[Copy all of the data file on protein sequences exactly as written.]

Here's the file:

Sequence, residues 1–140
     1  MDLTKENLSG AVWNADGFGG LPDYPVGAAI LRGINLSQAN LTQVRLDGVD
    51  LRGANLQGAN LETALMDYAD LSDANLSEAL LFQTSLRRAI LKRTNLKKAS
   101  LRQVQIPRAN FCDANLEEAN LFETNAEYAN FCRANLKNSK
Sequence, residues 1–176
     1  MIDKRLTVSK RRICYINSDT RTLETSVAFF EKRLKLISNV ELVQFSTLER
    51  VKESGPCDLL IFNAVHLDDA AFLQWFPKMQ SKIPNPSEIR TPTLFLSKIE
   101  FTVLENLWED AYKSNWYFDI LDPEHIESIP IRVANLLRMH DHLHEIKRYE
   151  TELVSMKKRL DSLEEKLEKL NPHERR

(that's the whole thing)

Sequence, residues 1–140
     1  MDLTKENLSG AVWNADGFGG LPDYPVGAAI LRGINLSQAN LTQVRLDGVD
    51  LRGANLQGAN LETALMDYAD LSDANLSEAL LFQTSLRRAI LKRTNLKKAS
   101  LRQVQIPRAN FCDANLEEAN LFETNAEYAN FCRANLKNSK
Sequence, residues 1–176
     1  MIDKRLTVSK RRICYINSDT RTLETSVAFF EKRLKLISNV ELVQFSTLER
    51  VKESGPCDLL IFNAVHLDDA AFLQWFPKMQ SKIPNPSEIR TPTLFLSKIE
   101  FTVLENLWED AYKSNWYFDI LDPEHIESIP IRVANLLRMH DHLHEIKRYE
   151  TELVSMKKRL DSLEEKLEKL NPHERR